I simply make a conscious choice to live my life as a decent, caring, giving, and honest person. I subscribe to the so-called Golden Rule of doing unto others. But it’s not because I’m worried that if I don’t, I’ll spend an eternity in damnation. Or because after I die I’ll be reborn as a jackass or something. I live my life that way because it’s the right thing to do and because I’m human.

Besides, if there was such a thing as Karma, Donald Trump would be toast by now.

So there you go. No tale weaved today. Just a little exposé on my thoughts on karma.

One-Liner Wednesday — Laughter


“Laughter is a tranquilizer with no side effects.”

Humorist Arnold H. Glasow

I need a larger dose of laughter in order to combat the side effects of the Trump era.

Written for today’s One-Liner Wednesday prompt from Lynda G. Hill. Image credit: JudaM @ Pixabay.

MLMM Tale Weaver — Welcome to Durfur

img_1350Carl was sitting on a folding chair in a large room with many identical folding chairs, nearly every one taken. In his hand was a spiral bound booklet entitled, The Book of Durfur — A Beginners Guide. Oddly, the first thought that came to Carl’s mind was, “Shouldn’t it be Beginner’s Guide?” He vowed to point out the grammatical error to whoever produced the booklet.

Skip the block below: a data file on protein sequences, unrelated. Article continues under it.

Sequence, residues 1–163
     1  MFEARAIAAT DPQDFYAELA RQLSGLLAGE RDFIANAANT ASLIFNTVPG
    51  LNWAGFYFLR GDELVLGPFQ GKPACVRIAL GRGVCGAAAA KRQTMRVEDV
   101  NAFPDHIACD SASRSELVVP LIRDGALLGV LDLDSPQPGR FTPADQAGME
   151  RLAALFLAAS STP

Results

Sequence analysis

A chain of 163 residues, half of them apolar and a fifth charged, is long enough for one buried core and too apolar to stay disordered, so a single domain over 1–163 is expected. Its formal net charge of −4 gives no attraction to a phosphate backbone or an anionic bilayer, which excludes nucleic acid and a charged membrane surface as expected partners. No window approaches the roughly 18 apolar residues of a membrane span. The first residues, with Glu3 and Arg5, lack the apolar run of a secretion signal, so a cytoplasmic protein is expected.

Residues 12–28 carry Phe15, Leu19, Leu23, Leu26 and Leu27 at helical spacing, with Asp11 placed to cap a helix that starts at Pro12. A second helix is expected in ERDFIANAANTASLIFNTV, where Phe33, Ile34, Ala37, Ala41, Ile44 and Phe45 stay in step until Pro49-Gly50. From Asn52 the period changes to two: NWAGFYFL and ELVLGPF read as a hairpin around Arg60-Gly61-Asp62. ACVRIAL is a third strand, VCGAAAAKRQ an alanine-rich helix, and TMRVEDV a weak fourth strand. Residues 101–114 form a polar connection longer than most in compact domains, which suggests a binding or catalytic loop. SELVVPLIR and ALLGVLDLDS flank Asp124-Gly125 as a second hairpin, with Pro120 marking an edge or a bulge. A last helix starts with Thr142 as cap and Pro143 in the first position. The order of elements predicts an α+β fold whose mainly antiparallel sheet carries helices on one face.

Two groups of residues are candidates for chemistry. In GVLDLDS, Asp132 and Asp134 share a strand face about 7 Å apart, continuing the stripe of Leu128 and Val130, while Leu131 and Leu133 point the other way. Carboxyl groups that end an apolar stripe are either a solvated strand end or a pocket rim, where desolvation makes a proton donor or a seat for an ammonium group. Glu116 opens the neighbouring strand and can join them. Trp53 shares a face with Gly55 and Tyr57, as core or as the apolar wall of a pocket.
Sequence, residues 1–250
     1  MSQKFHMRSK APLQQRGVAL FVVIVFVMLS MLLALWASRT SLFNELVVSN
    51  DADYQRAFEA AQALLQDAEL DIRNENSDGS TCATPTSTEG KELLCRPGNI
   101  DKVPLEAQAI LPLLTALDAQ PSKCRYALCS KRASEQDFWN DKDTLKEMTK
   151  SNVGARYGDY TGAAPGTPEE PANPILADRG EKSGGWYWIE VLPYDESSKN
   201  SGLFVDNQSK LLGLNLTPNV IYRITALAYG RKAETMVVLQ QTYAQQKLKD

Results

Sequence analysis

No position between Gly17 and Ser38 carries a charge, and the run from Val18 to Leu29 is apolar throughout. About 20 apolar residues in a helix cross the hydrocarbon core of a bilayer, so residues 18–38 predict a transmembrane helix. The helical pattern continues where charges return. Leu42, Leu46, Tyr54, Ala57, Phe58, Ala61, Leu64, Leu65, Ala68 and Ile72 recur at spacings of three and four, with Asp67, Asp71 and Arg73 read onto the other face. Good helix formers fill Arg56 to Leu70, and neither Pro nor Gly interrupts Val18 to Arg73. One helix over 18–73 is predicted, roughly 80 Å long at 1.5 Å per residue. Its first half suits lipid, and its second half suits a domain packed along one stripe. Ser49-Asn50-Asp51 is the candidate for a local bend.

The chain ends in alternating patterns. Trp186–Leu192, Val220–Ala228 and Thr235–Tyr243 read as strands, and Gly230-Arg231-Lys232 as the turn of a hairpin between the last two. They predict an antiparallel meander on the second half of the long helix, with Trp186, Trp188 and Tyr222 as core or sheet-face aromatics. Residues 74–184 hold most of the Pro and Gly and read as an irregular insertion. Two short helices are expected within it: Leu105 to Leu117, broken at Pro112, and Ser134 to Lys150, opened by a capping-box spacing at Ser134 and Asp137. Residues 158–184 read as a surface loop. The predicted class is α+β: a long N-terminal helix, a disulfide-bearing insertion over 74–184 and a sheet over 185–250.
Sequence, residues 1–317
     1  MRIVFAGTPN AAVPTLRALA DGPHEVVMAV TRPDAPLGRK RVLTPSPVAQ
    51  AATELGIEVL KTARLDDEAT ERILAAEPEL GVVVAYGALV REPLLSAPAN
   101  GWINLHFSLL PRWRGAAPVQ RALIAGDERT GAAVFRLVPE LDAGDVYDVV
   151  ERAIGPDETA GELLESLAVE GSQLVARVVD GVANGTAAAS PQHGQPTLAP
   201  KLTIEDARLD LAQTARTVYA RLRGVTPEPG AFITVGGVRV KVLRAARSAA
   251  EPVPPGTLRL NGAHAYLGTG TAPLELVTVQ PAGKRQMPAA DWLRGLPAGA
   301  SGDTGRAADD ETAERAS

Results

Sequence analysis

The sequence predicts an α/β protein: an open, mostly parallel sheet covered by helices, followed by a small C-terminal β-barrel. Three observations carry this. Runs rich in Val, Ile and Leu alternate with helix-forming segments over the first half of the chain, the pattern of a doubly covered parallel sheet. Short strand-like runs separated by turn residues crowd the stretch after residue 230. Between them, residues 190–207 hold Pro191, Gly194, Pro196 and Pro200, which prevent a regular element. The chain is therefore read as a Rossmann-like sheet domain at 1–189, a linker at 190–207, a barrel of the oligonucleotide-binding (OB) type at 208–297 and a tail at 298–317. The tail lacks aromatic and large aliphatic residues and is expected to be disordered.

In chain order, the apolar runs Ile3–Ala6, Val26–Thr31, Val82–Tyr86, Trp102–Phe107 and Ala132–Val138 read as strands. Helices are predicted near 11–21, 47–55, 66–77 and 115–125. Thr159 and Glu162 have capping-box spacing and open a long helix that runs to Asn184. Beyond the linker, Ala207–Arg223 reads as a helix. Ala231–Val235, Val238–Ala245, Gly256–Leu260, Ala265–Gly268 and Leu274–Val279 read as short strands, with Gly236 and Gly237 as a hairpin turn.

Looking around, Carl saw a diverse group of people seated in the chairs. All ages, all races, both genders, and, based upon how people were dressed, many nationalities. All of them, like Carl, were holding the same booklet.

Carl tried to remember how he had gotten here, much less why he was here. But he couldn’t. His last memory was that he was lying in bed reading a book. Was he asleep and was this a dream?

He turned to the guy sitting on his left, a large black man dressed in some sort of ceremonial garb. “Excuse me,” Carl said. “Do you know where we are and why we’re here?”

“You tell me,” the guy said without making eye contact.

Sitting on Carl’s right was a teenage girl wearing what looked like a prom dress. But before Carl could say anything, she blurted out, “No, I don’t.”

Carl looked once again at the booklet in his hand. He flipped it open to the first page, but it was blank, as were all the pages following. He tried to stand up but was unable to leave his seat. “What the fuck?” he said aloud.

Suddenly the lights dimmed in the room, a screen slowly dropped down from the ceiling, and a video started playing. “Welcome to Durfur,” the man in the video said. “I know you have a lot of questions and they will all be answered shortly.”

The man in the screen smiled and continued. “Durfur is like a way station. It is situated halfway between what was and what will be, between where you’ve been and where you’re going. Each of you has been provided with a booklet that has been custom tailored for your journey. ”

The man in the screen seemed to look directly at Carl and said, “And, yes, Carl, we’ve corrected the punctuation.” Carl looked down and the booklet in his hand, which now read “A Beginner’s Guide.”

The man continued. “Some of you will be here in Durfur for just a brief time. Others may be staying with us for a while. It’s all documented in your guide booklet. Now if you’ll please open up to page one, everything will become clear to you.”

Carl opened up his booklet and began reading.

Written for this week’s Mindlovemisery’s Menagerie Tale Weaver prompt.